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Subject: An Unexpected Betrayal: Order of steps rss

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Frank Otte
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There is the green Mythos Card of the base game "An Unexpected Betrayal", which forces all investigators with at least one Ally, to loose 3 Health and one Ally (textually combined with an "and" and in this order).

If such an Investigator is defeated by loosing 3 Health, does he still loose an Ally? This is of relevance, because it decides, if all of his Allies are left over in his "Corpse Stack", or if one of his Allies must be discarded.

I am not sure about this, because the Reference Guide says on p. 4: If an investigator is defeated during an encounter or action, he immediately stops resolving that encounter or action. and on the same page: If multiple effects would be resolved at the same time, the active player decides the order in which they are resolved.

On the other hand, the execution of a Mythos Card is neither an encounter nor an action. What do you think?
 
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Kenneth H
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I would say that you lose the ally. It makes sense thematically. (Though I suppose one could argue that the ally is still willing to save the world, just not with the investigator they backstabbed.

If lose 3 health is the first order written on the card, I can see the argument for the other side.

Anyway, the lesson is, allies are jerks and to be avoided at all costs.
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George Aristides
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Hermjard wrote:
There is the green Mythos Card of the base game "An Unexpected Betrayal", which forces all investigators with at least one Ally, to loose 3 Health and one Ally (textually combined with an "and" and in this order).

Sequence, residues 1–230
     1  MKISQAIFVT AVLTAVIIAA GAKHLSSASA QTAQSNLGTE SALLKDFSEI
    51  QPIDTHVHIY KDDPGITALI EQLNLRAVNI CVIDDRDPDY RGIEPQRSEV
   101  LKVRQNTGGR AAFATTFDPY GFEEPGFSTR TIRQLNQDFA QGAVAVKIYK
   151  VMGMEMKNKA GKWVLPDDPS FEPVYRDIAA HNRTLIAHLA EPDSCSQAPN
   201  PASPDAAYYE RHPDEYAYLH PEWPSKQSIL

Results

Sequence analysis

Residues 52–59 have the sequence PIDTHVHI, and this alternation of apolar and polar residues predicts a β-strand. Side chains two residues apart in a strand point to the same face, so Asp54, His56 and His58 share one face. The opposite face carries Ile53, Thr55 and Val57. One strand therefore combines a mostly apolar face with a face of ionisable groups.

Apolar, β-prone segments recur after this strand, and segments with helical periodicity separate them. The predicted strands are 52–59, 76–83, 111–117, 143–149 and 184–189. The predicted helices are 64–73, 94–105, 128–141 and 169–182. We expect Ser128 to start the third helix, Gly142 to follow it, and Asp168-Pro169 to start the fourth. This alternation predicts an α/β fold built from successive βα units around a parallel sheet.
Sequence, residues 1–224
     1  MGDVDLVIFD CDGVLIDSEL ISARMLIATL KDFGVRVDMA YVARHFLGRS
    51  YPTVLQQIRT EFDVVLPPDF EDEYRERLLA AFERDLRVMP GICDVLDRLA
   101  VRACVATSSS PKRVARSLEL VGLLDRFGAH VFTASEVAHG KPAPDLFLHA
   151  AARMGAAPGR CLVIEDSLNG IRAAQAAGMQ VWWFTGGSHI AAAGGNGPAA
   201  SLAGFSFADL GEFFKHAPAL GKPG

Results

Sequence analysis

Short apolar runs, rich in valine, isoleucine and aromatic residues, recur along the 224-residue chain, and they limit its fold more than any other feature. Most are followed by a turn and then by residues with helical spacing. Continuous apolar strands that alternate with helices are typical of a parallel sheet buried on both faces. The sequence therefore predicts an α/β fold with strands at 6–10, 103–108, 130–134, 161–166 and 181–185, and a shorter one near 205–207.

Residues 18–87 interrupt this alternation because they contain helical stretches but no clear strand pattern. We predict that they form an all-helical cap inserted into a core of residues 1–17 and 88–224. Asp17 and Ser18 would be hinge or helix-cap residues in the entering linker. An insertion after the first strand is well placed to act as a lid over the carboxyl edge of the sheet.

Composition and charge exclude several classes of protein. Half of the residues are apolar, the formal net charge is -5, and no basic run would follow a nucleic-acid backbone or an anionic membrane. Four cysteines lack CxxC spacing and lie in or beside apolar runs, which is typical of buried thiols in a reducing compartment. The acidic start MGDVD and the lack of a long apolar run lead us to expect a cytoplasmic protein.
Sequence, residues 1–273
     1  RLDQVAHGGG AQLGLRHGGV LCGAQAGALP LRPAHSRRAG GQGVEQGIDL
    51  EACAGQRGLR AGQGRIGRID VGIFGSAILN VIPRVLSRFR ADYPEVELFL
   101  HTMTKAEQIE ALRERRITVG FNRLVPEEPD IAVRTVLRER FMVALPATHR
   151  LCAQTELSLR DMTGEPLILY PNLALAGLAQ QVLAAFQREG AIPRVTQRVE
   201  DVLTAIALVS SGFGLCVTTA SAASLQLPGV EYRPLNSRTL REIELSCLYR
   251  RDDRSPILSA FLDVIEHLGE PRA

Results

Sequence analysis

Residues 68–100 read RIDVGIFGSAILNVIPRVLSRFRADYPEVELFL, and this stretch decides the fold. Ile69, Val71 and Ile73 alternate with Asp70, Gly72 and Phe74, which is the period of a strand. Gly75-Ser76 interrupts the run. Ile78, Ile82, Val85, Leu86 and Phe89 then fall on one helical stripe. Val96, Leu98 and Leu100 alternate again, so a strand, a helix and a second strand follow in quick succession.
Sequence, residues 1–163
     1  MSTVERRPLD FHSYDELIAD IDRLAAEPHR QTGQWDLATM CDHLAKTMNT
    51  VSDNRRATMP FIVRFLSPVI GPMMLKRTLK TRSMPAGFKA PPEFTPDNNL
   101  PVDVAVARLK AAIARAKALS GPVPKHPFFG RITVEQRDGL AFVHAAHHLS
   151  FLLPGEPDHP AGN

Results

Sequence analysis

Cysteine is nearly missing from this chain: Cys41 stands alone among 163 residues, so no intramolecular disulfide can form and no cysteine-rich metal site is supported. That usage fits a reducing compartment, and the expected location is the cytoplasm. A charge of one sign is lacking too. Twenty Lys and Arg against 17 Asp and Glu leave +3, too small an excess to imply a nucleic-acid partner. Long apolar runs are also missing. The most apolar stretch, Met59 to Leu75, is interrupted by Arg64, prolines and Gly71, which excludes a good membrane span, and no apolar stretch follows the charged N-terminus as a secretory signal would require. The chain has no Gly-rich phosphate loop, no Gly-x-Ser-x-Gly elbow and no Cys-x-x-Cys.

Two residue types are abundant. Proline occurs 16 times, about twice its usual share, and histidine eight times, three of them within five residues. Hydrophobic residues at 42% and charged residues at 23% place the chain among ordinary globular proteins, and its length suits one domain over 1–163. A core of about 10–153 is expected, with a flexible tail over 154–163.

If such an Investigator is defeated by loosing 3 Health, does he still loose an Ally? This is of relevance, because it decides, if all of his Allies are left over in his "Corpse Stack", or if one of his Allies must be discarded.

I am not sure about this, because the Reference Guide says on p. 4: If an investigator is defeated during an encounter or action, he immediately stops resolving that encounter or action. and on the same page: If multiple effects would be resolved at the same time, the active player decides the order in which they are resolved.

On the other hand, the execution of a Mythos Card is neither an encounter nor an action. What do you think?


I agree with Flamethrower.

I'm a big fan of Charlie Kane, and I dread this Mythos card as it is the cause of a big chunk of my investigator deaths. Charlie starts with 4 health, an ally (the personal assistant) which he would want to keep indefinitely, and usually has better things to do than to spend an action resting if he is down to 3 health....

Same with Akachi and the Other World card where she goes back to the past and has her dad shoot her in the face for 6 damage, but I digress..
 
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M.C.Crispy
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It's not "lose 3 Health, then lose an Ally", it's "lose 3 Health and an Ally", so the losses are both required.

Typically, I regard all effects as atomic: you have to process them in their entirety before you can use an interrupt. So you have to process the effect that causes the losses, then you immediately stop. Mythos effects are (usually) global, so just 'cos one Investigator is defeated, it doesn't mean that you stop processing the effect of the card - it just means that you stop processing for the defeated Investigator. This is why the Ref Guide refers to actions and Encounters, which do affect a single Investigator.
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Frank Otte
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mccrispy wrote:
It's not "lose 3 Health, then lose an Ally", it's "lose 3 Health and an Ally", so the losses are both required.

Typically, I regard all effects as atomic: you have to process them in their entirety before you can use an interrupt. So you have to process the effect that causes the losses, then you immediately stop. Mythos effects are (usually) global, so just 'cos one Investigator is defeated, it doesn't mean that you stop processing the effect of the card - it just means that you stop processing for the defeated Investigator. This is why the Ref Guide refers to actions and Encounters, which do affect a single Investigator.